The biggest challenge is the one our African penguins are facing out in the wild; with scientists predicting that their species could be ‘functionally extinct’ in the wild within the next 15 years.
Q5. How have you seen the Cape Town penguin population change during your time working with SANCCOB, and what do you attribute these changes to?
The sad reality is that the African penguin species is in crisis, with populations along our coastline noted at an all-time low, with approximately 10 000 breeding pairs recorded remaining in the wild in South Africa (Update from SANCCOB Integrated Report 2021-2022). This indicates a population loss greater than 95% from historic numbers recorded. [This decline can be attributed to factors mentioned in Q2]
Q6. What is your proudest achievement in your work with penguin conservation, and why?
While I can’t single out one specific achievement, up with my proudest moments have been having the opportunity to visit various seabird islands, such as Robben Island, Dassen Island, and Lambert’s Bay, to assist researchers (SANCCOB, BirdLifeSA, DFFE etc) with their hands on fieldwork. These experiences have given me valuable insight and understanding into the lives, behaviours and habitats of our wild African penguins and other seabirds that call these colonies home.
Furthermore, I feel proud to have launched my own WaddleOn by Marts local penguin sock brand, enabling me to contribute to SANCCOB’s seabird rehabilitation efforts even when working elsewhere. It’s given me a unique and creative way to give back to conservation work close to my heart, having managed to allow me to give back through donating approximately R50 000 funds to SANCCOB during this past year. We all have the ability to make a lasting positive impact for years to come through our own unique ventures to support conservation work close to our hearts.
Q7. How do you involve local communities in your conservation efforts, and why is this important?
Science communication plays a crucial role in aiding ones conservation work within a local community, as allows one to raise awareness through promoting understanding and empowering others to take actions based on scientific evidence they would potentially not have had access to otherwise. I have found social media to be a valuable tool for sharing this information, raising awareness through photography and storytelling, enabling one to reach out further in ones community. I have seen the positive impact of involving ones local communities in conservation efforts, as they can be essential as the first call for support in such a case as a crisis response.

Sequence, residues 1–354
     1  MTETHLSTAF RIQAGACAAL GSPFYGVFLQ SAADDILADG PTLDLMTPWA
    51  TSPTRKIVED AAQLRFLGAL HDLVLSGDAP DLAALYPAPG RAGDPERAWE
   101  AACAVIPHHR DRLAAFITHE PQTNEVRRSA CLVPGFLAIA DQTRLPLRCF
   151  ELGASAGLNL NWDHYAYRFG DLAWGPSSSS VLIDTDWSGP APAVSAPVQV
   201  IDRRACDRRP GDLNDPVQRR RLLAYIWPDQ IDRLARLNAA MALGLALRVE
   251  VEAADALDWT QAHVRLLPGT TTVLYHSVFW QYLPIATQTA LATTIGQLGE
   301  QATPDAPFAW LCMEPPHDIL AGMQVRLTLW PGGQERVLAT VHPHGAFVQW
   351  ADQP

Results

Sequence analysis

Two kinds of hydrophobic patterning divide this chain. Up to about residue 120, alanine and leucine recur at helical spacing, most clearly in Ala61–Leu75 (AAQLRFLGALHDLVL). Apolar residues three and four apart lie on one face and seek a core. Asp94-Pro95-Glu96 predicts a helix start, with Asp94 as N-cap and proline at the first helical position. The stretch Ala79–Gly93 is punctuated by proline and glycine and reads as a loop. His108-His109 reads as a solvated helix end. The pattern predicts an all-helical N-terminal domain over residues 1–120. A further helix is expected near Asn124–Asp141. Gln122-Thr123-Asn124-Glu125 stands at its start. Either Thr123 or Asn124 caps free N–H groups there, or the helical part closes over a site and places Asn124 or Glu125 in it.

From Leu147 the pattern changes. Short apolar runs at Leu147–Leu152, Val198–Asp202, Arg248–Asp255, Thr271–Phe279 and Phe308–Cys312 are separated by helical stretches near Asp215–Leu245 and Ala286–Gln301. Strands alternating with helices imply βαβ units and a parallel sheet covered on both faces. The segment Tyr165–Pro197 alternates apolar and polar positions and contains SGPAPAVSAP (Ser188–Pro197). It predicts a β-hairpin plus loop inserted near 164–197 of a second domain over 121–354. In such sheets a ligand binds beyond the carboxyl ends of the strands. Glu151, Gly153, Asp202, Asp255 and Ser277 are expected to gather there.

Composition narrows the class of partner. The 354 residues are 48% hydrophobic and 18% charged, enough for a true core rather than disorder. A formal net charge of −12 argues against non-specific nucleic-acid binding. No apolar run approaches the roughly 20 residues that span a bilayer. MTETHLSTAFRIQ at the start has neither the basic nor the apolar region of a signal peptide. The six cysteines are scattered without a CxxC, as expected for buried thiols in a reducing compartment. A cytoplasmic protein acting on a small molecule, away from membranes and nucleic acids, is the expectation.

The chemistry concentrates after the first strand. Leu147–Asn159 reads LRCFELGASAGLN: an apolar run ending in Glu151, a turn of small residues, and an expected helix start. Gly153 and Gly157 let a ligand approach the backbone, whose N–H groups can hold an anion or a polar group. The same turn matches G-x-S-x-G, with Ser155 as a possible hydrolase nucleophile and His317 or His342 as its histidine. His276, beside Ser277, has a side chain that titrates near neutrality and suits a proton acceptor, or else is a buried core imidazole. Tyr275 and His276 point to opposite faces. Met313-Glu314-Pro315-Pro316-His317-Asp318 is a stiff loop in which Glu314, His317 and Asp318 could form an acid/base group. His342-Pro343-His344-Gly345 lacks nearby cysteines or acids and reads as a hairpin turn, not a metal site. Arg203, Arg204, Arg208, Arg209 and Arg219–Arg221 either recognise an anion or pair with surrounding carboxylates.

With the various organisations I have been involved with this has been successfully done through training of volunteers and interns as this goes both ways in allowing for upliftment and skill building, as well as providing hands on support within a centre. Additionally, through providing educational outreach programmes and giving talks to local schools and organisations this helps raise awareness and inform others on the threats our African penguins are facing and how each and everyone of us can contribute to their protection. Organising involvement in beach cleanups helps all realise the important impact we have on our marine life through our actions on land. Ultimately by involving the community around you in these ways, you are creating a sense of ownership and responsibility for others to actively go out of their way to protect and raise further awareness, which can only result in long term benefits to the protection and preservation work trying to be achieved.
Q8. How does SANCCOB’s conservation breeding program work, and what impact has it had on the Cape Town penguin population?
SANCCOB runs their Chick Bolstering Project aimed at increasing the existing population of African penguins out in the wild as part of their conservation intervention work. Their chick bolstering work involves the rescue and artificial rearing of eggs (rescued in collaboration with rangers due to unsafe nesting, extreme weather events or abandonment by their parents) from wild nests, which are then incubated and hatched in a controlled environment. Once the chicks hatch, they are hand-reared by skilled team members (staff and interns) who provide them with the essential food and care they require until they are strong enough to move across the SANCCOB Nursery, Rehabilitation pens then released back into the wild – the most phenomenal experience if you have the privilege to witness! SANCCOB’s program also involves the release of adult birds that have been rehabilitated after being rescued and treated for injuries or illnesses. These rehabilitated penguins are released at colonies in marine protected areas where they can thrive without being threatened by human interference.